US data breach affects millions

Sensitive background check information on 21.5 million Americans stolen, US officials say

Photo by: AP
Photo by: AP

Updated Jul 28, 2015

The US’ Office of Personnel Management (OPM) said on Thursday that data stolen from it concerns millions more Americans than was previously announced.

This is in addition to the data on 4.2 million current and former federal workers which the OPM said was also stolen in a “separate but related” breach.

The data stolen from OPM servers included social security numbers and other sensitive information such as background information on 21.5 million people.

“It's a treasure trove of information about everybody who has worked for, tried to work for, or works for the United States government," FBI Director James Comey said on Thursday.

The agency said that data on 19.7 million people who applied for security clearances was also exposed. The remaining 1.8 million concerned people close to the applicants such as their spouses and cohabitants.

Lawmakers from across the US political spectrum have demanded OPM Director Katherine Archuleta’s resignation.

“President Barack Obama must take a strong stand against incompetence in his administration and install new leadership at OPM,” said Republican House of Representatives Speaker John Boehner.

"Director Archuleta's slow and uneven response has not inspired confidence that she is the right person to manage OPM through this crisis," added Virginia Democratic Senator Mark Warner.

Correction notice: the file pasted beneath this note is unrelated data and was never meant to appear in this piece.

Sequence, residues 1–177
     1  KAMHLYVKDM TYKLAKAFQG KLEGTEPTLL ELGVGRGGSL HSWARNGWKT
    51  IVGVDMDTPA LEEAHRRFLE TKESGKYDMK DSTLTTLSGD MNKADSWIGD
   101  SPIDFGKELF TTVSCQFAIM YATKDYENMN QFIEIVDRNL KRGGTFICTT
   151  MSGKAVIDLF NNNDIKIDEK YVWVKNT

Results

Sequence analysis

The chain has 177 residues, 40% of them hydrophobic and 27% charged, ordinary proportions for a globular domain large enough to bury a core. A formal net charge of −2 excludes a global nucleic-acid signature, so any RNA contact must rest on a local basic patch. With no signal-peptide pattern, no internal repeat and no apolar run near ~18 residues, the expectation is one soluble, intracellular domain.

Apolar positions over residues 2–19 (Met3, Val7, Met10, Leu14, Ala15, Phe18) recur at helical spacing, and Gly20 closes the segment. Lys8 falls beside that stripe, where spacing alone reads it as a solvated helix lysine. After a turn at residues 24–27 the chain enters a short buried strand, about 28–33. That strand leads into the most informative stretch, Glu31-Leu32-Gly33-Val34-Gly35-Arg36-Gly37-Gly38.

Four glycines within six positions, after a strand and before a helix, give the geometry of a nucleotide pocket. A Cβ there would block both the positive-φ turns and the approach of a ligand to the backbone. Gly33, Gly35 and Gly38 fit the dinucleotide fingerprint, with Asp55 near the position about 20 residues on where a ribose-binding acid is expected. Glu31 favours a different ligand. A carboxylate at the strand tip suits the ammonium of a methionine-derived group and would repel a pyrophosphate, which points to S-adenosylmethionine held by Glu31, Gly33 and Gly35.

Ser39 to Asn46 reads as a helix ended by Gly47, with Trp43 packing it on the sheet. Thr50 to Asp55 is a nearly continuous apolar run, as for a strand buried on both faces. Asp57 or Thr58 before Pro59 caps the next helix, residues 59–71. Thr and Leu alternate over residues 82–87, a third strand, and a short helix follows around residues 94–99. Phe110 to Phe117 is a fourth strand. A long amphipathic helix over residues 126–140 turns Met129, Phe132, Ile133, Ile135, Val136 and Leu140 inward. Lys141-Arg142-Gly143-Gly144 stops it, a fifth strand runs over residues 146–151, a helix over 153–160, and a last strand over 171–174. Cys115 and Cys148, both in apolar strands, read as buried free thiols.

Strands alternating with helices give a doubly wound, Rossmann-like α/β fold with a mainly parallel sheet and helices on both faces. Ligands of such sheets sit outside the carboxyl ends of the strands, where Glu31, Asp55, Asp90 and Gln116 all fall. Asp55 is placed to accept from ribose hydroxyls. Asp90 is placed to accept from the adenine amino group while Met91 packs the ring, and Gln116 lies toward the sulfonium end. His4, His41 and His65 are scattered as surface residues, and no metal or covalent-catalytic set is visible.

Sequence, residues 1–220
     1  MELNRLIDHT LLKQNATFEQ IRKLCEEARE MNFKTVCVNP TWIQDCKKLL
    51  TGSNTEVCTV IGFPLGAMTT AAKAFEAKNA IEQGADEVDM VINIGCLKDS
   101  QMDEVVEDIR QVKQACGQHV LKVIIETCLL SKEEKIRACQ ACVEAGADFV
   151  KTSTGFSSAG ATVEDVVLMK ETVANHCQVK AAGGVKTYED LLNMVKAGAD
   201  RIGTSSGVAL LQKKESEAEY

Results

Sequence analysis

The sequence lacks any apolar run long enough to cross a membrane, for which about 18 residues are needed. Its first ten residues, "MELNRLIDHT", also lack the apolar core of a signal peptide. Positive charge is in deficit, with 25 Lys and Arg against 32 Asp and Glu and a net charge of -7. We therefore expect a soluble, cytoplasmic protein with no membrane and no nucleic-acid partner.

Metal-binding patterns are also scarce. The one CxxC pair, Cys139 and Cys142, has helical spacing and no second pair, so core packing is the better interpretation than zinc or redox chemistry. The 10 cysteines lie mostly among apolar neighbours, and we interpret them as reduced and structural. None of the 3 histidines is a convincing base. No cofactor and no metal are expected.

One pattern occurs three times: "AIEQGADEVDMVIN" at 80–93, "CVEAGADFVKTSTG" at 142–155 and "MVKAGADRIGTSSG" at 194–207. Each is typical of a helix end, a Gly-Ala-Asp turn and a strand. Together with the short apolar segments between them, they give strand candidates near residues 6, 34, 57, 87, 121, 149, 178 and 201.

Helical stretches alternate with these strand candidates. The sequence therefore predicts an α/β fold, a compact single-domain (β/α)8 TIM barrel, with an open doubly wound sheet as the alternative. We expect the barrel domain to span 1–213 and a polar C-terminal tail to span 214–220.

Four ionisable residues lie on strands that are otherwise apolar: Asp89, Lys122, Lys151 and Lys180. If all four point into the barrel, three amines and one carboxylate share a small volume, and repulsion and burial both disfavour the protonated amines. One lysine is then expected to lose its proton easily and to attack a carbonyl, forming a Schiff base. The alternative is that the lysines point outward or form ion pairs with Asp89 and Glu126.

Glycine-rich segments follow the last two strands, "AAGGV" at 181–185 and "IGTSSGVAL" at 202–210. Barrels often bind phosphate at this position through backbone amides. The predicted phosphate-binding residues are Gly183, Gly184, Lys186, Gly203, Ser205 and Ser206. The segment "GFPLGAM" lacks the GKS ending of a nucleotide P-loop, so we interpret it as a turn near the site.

“It is time for her to step down, and I strongly urge the administration to choose new management with proven abilities to address a crisis of this magnitude with an appropriate sense of urgency and accountability.”

However, the White House said Obama maintains confidence in Archuleta.

“I am committed to the work that I am doing at OPM," Archuleta told reporters. "I have trust in the staff that is there.”

Several US officials, requesting anonymity, told various media outlets that the hackers were from China but did not openly blame the Chinese government.

Obama’s security advisor said on Thursday that the government wasn’t yet ready to say who was behind the attack, adding “Just because we're not doing public attribution does not mean that we're not taking steps to deal with the matter.”

TRTWorld and agencies